Erik Olin Wright, the American sociologist best known for popularising universal basic income, never stopped thinking about the future. “We humans are good at inventing ways for our existence as conscious beings to continue after the stardust dissipates… I don’t believe in that sort of thing, but I’ll find out by some time in February,” he wrote in January this year on the blog that chronicled his battle with acute myeloid leukaemia. Almost two weeks later, the disease claimed his life, at the age of 72.
Shortly before the fall of the Soviet Union in 1991, Wright, a professor at the University of Wisconsin, Madison, began work on a series of lectures. As the Eastern Bloc fractured, Wright inaugurated his “Real Utopias Project”, bringing scholars together to discuss alternatives to capitalism that were grounded in reality. The fall of communism signalled the flourishing of Wright’s thought. His intellectual pursuits resulted in 13 books and scores of articles spanning sociology, public policy, and political insurgency.
Today, as the planet burns and rich technologists dream of escaping to New Zealand and Mars, Wright’s ideas for an inclusive utopia have gained a new urgency. Like Oscar Wilde, who thought that a map of the world that does not include utopia is “not worth even glancing at”, Wright firmly believed that the limits of possibility are shaped by what people perceive is achievable.
The left languished during the 1990s, having weathered Thatcher and Reagan in the West and the fall of Communism in the East. Markets had become hegemonic, politics technocratic, and radicals struggled to define a purpose beyond the bipartisanship of Tony Blair and Bill Clinton – a continuation of, rather than challenge to, the economic status quo. Rather than embrace nostalgia for the past – a criticism that is today often levelled at Stalinist factions of the Labour Party membership – Wright sought fresh solutions that looked to the future.
As Four Futures author Peter Frase puts it, Wright was schooled in “no bullshit” Marxism. He saw the faults of classical Marxism, a theory often content to predict the inevitable destruction of capitalism, and foresaw that people needed optimism, on the grounds that alternatives would be impossible unless they could be imagined. Today, social policies like the four-day week, workplace cooperatives, and universal basic income – an initiative that Wright championed – bear the imprint of his thought.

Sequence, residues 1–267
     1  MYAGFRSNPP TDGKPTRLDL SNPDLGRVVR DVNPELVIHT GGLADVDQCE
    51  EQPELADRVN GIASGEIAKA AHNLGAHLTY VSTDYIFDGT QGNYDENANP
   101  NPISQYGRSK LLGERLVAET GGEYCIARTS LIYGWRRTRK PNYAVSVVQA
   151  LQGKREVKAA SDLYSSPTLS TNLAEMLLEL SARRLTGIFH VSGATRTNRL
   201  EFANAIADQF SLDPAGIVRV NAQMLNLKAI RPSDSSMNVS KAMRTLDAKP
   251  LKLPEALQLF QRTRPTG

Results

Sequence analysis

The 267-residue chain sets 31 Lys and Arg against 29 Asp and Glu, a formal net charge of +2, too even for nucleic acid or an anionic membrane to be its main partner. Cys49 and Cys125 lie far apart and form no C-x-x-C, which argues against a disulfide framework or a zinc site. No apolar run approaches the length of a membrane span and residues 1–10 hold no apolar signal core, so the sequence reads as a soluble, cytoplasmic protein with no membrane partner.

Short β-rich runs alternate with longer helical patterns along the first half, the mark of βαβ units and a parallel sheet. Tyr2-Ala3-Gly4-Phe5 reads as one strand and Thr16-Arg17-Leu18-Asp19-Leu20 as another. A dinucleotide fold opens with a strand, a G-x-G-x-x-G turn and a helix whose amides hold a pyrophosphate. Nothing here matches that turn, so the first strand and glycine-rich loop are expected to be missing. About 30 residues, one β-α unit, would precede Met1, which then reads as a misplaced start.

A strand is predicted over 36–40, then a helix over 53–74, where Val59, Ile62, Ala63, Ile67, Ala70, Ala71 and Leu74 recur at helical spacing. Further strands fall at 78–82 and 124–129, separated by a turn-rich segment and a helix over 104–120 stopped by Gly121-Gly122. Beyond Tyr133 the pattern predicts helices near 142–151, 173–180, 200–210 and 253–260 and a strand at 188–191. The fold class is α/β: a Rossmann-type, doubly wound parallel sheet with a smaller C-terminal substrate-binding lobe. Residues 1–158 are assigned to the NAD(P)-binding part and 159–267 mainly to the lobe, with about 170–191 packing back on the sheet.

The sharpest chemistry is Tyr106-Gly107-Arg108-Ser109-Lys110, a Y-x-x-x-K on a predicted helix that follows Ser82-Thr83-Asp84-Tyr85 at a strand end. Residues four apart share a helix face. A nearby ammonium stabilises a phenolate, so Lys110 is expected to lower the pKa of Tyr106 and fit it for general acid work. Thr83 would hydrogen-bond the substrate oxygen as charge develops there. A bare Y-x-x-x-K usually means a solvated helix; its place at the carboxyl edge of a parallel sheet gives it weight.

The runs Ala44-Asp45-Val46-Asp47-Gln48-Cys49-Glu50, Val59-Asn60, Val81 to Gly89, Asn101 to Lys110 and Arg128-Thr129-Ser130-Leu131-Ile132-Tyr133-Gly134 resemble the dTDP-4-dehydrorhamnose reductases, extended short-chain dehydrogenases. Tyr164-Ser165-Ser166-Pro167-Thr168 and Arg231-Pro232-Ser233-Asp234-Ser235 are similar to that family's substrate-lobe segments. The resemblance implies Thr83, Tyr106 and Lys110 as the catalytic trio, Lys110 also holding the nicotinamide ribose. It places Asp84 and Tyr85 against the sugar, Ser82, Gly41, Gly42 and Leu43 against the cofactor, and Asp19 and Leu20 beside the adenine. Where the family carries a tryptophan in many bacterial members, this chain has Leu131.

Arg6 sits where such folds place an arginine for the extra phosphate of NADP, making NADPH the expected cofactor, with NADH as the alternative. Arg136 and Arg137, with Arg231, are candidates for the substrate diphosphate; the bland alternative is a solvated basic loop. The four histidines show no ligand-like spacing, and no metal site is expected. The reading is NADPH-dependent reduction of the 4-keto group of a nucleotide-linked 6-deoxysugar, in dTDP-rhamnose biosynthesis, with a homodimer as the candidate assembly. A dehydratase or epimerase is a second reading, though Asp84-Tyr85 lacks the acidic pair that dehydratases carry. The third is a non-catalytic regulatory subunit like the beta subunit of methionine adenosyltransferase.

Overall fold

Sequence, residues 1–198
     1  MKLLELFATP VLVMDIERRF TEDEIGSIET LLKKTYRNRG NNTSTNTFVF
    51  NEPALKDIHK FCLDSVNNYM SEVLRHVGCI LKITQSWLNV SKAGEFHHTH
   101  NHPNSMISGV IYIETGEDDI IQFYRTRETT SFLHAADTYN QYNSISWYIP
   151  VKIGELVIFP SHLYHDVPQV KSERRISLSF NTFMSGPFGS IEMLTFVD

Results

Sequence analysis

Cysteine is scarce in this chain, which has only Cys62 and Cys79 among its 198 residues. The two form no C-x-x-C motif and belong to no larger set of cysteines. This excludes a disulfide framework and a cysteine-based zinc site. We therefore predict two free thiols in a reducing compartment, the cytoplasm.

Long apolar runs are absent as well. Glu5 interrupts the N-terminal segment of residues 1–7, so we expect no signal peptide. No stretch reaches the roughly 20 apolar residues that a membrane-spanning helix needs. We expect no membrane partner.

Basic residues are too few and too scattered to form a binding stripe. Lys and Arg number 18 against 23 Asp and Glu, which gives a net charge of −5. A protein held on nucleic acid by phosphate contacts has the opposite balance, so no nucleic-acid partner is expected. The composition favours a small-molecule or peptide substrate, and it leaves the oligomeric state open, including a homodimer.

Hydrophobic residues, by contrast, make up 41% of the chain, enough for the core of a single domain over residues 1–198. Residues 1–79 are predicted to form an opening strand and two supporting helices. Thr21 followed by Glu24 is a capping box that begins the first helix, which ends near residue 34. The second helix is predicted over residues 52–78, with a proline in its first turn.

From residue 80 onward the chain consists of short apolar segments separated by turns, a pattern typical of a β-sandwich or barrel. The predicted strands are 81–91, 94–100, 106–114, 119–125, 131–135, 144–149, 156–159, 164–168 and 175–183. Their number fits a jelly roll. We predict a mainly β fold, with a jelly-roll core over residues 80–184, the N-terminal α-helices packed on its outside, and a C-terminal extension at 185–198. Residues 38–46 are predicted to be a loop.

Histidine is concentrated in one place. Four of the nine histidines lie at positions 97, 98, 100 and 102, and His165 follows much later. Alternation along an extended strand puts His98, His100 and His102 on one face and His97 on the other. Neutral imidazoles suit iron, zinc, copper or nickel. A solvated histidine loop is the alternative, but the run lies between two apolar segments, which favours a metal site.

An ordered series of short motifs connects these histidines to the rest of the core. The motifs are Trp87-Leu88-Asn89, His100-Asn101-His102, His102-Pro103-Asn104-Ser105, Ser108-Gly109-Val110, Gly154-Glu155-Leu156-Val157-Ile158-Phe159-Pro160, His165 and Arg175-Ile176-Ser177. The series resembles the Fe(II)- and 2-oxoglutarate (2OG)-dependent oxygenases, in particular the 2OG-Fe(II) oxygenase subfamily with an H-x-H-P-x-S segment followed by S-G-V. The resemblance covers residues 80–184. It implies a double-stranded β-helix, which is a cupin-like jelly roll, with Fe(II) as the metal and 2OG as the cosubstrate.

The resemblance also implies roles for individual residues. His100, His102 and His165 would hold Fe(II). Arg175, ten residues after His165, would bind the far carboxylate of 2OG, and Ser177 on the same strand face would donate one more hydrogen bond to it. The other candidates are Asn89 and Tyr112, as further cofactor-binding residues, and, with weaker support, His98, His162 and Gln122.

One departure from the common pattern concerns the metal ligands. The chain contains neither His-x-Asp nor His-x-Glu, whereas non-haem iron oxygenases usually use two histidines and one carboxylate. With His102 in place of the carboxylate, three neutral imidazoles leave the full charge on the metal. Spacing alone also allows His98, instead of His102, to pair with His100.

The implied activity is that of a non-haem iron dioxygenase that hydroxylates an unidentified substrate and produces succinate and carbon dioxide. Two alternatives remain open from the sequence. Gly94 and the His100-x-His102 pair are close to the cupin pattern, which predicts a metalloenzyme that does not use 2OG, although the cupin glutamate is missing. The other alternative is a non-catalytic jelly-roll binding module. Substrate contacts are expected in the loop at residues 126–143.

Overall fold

Basic income has since been popularised by both left-wing thinkers and technology entrepreneurs intent on a different kind of utopia. (Sam Altman, president of start-up incubator Y-Combinator, famously instigated a UBI trial in Oakland, California.) But as Wright imagined it, the policy would give people “the freedom to build a different world in the present”. It was the type of reform that he termed “interstitial” – allowing change to flower at the margins of the present. Shortly after he died, former Labour leader Ed Miliband tweeted that Wright’s work on UBI was “essential reading for those who want a better society”.
Wright’s enduring legacy was to present a vision of the future that can be seen today in the renewal of the left. His 2010 book Envisioning Real Utopias laid the groundwork for Nick Srnicek and Alex Williams’ Inventing the Future, which presented a series of demands including a reduction in the working week and universal basic income, and was heralded by shadow chancellor John McDonnell as “socialism with an iPad”.
While the right co-opted the future in the 1980s, the left remained grounded in nostalgia for past revolutions. Wright’s work provided a way beyond this impasse. Italian Marxist Antonio Gramsci once described the struggle for social justice as requiring “pessimism of the intellect, optimism of the will”. As Wright put it: “Today we need an optimism of the intellect as well.”